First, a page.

Making plans for top-heavy future

Many Australians are now wondering about the outcome of the May federal budget proposals. Even with the repeal of the carbon tax achieved, it's unclear how many and which of the savings measures will be enacted in to legislation.

At the macro-economic level, this means the actual size of this year's federal deficit won't be known for quite some time even if the revenue estimates come in as targeted. The worst-case scenario for the government would be for revenues to fall short of estimates at the same time as planned savings are rejected by the Senate.

This wouldn't necessarily cause serious problems funding this year's deficit because our federal debt is relatively low by international standards. Even if Federal Parliament ends up being dysfunctional for an extended period, Australia is unlikely to lose its prime credit rating for several years yet. Any damage is therefore unlikely to be short term. A larger than planned budget deficit could even help underpin an economy that is still performing well. The medium and longer-term consequences of political stalemate are of far greater concern, primarily because of the delay in resolving our structural financial problems.

The longer the delay in making fundamental changes, the greater and more difficult the task future governments will face in balancing the books. A combination of factors needs to be dealt with as soon as possible.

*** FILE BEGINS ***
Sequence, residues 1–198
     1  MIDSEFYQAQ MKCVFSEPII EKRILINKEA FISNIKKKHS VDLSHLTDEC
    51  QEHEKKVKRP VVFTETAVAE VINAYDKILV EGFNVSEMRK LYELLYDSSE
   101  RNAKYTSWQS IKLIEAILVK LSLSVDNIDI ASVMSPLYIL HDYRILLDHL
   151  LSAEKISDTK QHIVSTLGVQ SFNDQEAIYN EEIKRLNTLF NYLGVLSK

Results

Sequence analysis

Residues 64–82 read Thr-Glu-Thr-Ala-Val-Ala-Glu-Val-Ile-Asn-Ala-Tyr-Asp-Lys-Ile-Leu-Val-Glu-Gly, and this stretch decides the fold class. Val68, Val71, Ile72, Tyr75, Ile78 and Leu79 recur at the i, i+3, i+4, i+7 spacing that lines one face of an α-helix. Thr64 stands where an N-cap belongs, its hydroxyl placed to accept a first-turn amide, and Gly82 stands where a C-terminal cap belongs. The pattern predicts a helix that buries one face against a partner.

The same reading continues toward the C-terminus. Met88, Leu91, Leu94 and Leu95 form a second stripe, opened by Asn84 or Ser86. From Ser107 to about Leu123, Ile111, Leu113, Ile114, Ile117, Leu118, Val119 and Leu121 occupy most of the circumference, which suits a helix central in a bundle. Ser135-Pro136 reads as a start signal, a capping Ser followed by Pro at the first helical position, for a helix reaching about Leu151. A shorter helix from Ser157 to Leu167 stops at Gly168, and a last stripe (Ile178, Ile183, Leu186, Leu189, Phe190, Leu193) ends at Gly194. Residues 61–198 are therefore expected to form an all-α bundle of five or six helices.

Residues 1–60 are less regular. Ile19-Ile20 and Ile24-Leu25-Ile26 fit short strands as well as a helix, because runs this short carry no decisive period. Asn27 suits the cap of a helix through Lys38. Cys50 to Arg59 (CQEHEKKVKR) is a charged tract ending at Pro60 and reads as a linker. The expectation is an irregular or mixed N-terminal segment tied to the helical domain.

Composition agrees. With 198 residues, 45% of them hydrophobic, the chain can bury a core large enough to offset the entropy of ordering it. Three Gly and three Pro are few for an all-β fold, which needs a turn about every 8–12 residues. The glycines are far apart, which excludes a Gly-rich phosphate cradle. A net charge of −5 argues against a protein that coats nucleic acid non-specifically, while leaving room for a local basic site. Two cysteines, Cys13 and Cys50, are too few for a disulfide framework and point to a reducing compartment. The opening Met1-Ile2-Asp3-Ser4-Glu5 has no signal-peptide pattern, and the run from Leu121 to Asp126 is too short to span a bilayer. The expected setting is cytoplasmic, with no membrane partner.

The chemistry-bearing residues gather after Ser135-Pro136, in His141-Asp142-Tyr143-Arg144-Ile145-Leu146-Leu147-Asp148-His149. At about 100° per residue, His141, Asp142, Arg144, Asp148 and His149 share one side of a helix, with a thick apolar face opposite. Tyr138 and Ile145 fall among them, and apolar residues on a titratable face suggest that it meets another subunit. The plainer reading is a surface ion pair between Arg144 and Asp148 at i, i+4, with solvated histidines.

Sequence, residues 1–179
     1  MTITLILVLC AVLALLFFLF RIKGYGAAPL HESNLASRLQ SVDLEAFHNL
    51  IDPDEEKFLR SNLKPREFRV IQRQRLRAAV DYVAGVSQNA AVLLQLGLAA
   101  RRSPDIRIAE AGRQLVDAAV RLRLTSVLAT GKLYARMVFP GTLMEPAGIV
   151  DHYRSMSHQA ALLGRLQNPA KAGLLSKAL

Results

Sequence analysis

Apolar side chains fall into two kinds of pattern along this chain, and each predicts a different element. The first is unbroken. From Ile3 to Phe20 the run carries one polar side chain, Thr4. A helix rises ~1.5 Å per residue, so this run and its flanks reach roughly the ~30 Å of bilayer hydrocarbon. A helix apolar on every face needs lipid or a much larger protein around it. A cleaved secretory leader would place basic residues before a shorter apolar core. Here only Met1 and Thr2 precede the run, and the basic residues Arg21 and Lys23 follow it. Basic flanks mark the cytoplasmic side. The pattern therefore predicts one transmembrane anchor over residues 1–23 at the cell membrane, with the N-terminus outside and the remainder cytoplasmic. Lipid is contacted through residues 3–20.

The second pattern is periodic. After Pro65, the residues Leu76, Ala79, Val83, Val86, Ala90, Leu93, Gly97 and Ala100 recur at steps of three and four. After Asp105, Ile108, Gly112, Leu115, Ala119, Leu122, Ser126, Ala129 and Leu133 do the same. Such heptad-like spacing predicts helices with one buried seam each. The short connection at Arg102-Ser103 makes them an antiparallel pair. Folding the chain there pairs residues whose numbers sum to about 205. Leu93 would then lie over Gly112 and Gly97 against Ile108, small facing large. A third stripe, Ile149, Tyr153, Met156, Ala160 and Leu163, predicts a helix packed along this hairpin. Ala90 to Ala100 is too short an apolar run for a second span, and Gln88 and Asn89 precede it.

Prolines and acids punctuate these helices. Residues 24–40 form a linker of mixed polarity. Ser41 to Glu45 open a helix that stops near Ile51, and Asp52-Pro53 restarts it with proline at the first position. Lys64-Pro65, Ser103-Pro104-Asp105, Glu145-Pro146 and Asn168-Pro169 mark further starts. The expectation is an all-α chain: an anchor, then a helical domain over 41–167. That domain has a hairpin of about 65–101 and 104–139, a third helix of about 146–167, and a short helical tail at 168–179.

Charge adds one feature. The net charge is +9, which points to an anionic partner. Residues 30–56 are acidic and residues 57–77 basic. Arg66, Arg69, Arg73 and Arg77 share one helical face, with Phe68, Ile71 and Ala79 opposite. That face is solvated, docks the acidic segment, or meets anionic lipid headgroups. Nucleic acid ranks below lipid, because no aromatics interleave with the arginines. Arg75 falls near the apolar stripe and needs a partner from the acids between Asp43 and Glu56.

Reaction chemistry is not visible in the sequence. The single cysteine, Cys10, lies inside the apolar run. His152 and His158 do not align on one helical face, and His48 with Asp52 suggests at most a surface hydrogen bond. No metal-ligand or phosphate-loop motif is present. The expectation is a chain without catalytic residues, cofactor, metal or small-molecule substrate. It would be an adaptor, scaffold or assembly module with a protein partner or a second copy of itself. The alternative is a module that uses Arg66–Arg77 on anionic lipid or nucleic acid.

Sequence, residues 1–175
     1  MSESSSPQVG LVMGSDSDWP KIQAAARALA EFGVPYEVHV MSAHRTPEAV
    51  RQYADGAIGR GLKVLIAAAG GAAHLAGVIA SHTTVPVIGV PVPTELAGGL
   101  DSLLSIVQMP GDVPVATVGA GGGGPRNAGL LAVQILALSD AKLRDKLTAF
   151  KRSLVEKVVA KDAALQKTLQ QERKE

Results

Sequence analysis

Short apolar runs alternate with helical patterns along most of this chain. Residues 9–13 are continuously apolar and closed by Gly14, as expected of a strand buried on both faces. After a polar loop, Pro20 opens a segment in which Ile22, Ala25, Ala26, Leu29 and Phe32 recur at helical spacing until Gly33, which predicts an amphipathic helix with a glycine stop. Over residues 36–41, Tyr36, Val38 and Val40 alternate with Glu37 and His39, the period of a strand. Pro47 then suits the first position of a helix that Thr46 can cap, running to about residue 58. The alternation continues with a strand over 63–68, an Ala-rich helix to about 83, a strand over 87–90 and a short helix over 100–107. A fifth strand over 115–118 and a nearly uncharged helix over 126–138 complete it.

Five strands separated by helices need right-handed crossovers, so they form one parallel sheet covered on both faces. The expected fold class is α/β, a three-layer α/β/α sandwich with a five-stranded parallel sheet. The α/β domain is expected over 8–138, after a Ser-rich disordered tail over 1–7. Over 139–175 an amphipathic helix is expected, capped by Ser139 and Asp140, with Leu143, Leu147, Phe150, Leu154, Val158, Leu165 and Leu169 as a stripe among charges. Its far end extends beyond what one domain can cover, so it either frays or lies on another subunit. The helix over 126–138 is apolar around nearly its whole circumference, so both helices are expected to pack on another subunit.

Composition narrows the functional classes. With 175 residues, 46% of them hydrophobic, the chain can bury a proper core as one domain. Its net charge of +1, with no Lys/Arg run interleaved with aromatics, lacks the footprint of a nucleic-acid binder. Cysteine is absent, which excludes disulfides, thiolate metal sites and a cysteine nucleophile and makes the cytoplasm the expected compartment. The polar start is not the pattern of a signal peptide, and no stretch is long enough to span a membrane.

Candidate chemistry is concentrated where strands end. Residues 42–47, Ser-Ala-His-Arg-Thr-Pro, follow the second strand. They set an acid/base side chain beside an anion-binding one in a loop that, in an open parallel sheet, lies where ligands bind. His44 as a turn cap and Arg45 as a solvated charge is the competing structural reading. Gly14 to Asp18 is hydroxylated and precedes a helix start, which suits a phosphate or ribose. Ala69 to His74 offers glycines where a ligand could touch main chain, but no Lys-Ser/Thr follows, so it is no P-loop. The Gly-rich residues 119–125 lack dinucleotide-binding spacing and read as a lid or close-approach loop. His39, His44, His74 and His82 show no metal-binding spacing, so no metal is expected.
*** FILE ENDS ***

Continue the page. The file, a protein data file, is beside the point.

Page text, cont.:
A key concern is the steadily ageing population, with very rapid growth in the oldest age groups. The consequences for age pension, health, aged care and disability support outlays in future years are huge.

These funding problems have been increased by short-term decisions made in the 1970s and '80s not to fund national superannuation schemes as was done for the Canada Pension Plan. While assistance to private superannuation was beefed up in the '80s and '90s, it's now being cut back so much that many future retirees will have inadequate private funds to keep up their living standards.

The problems aren't solely on the expenditure side. Our federal revenue system is inadequate to meet the funding needs of an ageing population. With the revenues from the GST earmarked to fund state outlays, federal government collections rely far too heavily on income and excise taxes.

Raising personal income tax will mean higher burdens on a declining sector: the working-age population. Even if expenditure growth can be controlled, major taxation changes will also be needed to meet future funding needs.

We can only hope that we're not in for years of political gridlock that preclude essential fundamental changes.

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Daryl Dixon

Executive Chairman

Daryl Dixon is one of Australia’s foremost investment experts and a well known writer and consultant. He has provided trusted advice to thousands of personal clients over more than 25 years and is an acknowledged expert in the areas of tax, superannuation (including public sector superannuation), social security and investments.

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